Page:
While experiments with previously described fra-2 transgenic mouse (Mc Henry et al., 1998) showed that overexpression of fra-2 in perturbs normal eye development, it was surprisingly found in the experiments of the invention that overexpression of fra-2 results in a phenotype resembling human pulmonary fibrosis. Surprisingly, the fra-2 transgenic mice die within 6 months because they develop a generalized fibrosis which mainly affects the lung. In addition to pulmonary fibrosis, it has been shown in the experiments of the invention that fra-2tg mice develop fibrosis in several other tissues leading to a scleroderma-like phenotype.

Thus, the invention relates to a an animal model for fibrotic diseases, comprising a non-human transgenic mammal, in particular a rodent, with broad or cell type-specific ectopic expression of fra-2 that manifests itself in a phenotype of a fibrotic disease.

The term “fibrotic diseases” relates to diseases involving fibrosis, which may e.g. be due to chronic inflammation or repair and reorganization of tissues. Fibrosis is the formation or development of excess fibrous connective tissue in an organ or tissue as a reparative or reactive process, as opposed to formation of fibrous tissue as a normal constituent of an organ or tissue, including the kidneys, heart, lungs, liver, skin and joints.

In a preferred embodiment, the fibrotic disease is a pulmonary disease, in particular pulmonary fibrosis.

In the meaning of the present invention, the term “pulmonary disease” encompasses lung (pulmonary) fibrosis and pulmonary diseases with a fibrotic component selected from idiopathic pulmonary fibrosis, other interstitial pneumonias (IP) such as giant cell interstitial pneumonia, non-specific IP, cryptogenic organizing pneumonia, collagen vascular disease-associated IP, and drug-induced IP, also sarcodosis, cystic fibrosis, respiratory distress syndrome, granulomatosis, silicosis, asbestosis, systemic scleroderma involving the lung, as well as fibrosis and remodeling in asthma or COPD.

In a further embodiment, the fibrotic disease is generalized fibrosis, which is a skleroderma-like fibrosis that manifests itself in several target organs, including, without limitation, besides lung and/or skin, the spleen, heart, kidney and/or liver.

It has also been shown in the experiments of the invention that fra-2tg mice develop fibrotic disorders of the skin, which are associated with excessive healing. Keloids and hypertrophic scars in the skin are examples of such fibrotic skin disorders.

Full thickness wound healing experiments of the mouse back skin demonstrated that wound closure is delayed in fra-2tg mice, which is due to excessive production of granulation tissue in the closing wounds and leads to excessive scar formation.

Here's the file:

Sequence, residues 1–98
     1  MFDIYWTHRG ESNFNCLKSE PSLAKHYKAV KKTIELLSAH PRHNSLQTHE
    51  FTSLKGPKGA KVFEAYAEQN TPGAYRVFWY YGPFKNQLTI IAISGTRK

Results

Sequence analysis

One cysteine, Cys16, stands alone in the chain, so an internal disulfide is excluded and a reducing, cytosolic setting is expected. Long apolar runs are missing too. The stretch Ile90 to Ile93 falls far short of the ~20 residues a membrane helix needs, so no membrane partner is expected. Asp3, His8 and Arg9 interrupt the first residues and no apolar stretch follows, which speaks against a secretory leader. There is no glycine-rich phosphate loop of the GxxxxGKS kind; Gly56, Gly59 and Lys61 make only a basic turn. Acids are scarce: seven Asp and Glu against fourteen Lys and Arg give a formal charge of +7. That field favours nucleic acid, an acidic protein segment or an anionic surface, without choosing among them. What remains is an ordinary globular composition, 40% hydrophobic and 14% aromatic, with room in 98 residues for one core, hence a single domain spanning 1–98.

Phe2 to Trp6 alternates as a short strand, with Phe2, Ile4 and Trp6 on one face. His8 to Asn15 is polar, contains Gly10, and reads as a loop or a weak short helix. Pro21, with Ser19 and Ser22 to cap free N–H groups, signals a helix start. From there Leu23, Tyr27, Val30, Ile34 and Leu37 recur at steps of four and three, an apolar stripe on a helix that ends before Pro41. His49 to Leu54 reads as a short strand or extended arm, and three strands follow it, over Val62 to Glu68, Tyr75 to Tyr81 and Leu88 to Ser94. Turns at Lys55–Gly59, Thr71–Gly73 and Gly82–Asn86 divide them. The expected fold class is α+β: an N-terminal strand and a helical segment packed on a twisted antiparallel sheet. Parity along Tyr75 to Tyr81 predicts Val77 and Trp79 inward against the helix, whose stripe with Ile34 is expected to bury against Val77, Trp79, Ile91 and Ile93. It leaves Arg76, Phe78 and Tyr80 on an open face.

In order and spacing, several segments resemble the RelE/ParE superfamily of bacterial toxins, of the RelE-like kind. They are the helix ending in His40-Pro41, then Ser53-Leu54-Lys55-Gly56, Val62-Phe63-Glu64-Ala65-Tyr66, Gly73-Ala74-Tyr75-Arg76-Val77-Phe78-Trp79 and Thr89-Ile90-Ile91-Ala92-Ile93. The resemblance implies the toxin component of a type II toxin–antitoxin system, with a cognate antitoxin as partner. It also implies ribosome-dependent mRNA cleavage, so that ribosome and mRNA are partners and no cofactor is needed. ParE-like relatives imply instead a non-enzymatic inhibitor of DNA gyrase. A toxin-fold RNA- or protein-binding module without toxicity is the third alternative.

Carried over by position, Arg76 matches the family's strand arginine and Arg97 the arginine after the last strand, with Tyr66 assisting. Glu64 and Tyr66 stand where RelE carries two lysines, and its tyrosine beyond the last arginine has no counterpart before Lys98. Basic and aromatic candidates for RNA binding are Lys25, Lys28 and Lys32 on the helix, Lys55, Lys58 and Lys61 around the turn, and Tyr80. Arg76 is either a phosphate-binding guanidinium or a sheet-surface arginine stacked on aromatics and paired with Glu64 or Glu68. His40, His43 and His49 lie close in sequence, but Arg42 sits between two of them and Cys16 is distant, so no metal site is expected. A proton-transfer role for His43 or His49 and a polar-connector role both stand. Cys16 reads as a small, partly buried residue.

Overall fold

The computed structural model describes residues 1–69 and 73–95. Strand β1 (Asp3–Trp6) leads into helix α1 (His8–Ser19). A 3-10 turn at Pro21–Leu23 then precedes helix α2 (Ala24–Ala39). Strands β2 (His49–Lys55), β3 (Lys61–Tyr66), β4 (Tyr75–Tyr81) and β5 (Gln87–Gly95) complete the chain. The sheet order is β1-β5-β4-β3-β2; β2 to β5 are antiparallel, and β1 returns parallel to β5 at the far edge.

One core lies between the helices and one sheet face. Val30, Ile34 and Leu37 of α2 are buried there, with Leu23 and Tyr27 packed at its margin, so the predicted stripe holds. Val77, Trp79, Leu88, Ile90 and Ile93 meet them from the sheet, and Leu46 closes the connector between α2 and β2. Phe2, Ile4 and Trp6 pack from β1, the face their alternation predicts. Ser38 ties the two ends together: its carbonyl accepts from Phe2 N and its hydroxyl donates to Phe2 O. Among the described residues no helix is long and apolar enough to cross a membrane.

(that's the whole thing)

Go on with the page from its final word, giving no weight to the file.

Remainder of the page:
Thus, in a further aspect, animal model of the invention is also useful as a model for fibrotic skin disorders.

By “transgenic rodent” is meant a rodent (e.g., mouse, rat, hamster, etc.) having a non-endogenous (i.e., heterologous) nucleic acid sequence encoding Fra-2 DNA stably integrated into its germ line (i.e., in the genomic sequence of most or all of its cells). Alternatively, a fra-2 transgene can be introduced into embryonic stem cells for generation of chimaeric mice with ectopic expression of fra-2.

In a preferred embodiment, the rodent is a mouse.

Heterologous Fra-2 nucleic acid is introduced into the germ line of such animals by genetic manipulation of, for example, embryos or embryonic stem cells of the host animal according to standard protocols.

In the following, the fra-2 transgenic rodent/mouse is referred to as “fra-2tg” rodent/mouse.

For clarity, the term “fra-2tg mouse”, or “fra-2tg rodent”, respectively, in the meaning of the present invention, is a transgenic rodent/mouse carrying a fra-2 genomic locus or fra-2 cDNA, under the control of a promoter that allows broad or cell-type specific transgene expression.

By “fra-2tg” (or “Fra-2” respectively) is meant fra-2 DNA (or Fra-2 protein, respectively) from any mammalian species that results, when expressed under the control of a suitable promoter at the proper level and location such that it manifests itself in the phenotype of interest, i.e. fibrotic disease, in particular pulmonary fibrosis. The chosen fra-2 DNA may be identical to the homogenous fra-2 gene of the selected animal species (e.g. a mouse carries the murine fra-2 DNA transgene and a rat the rat fra-2 transgene) or it may be different, e.g., in particular in view of the use of the animal as a model for human disease and for screening or characterizing inhibitors for human disease, it may be human fra-2.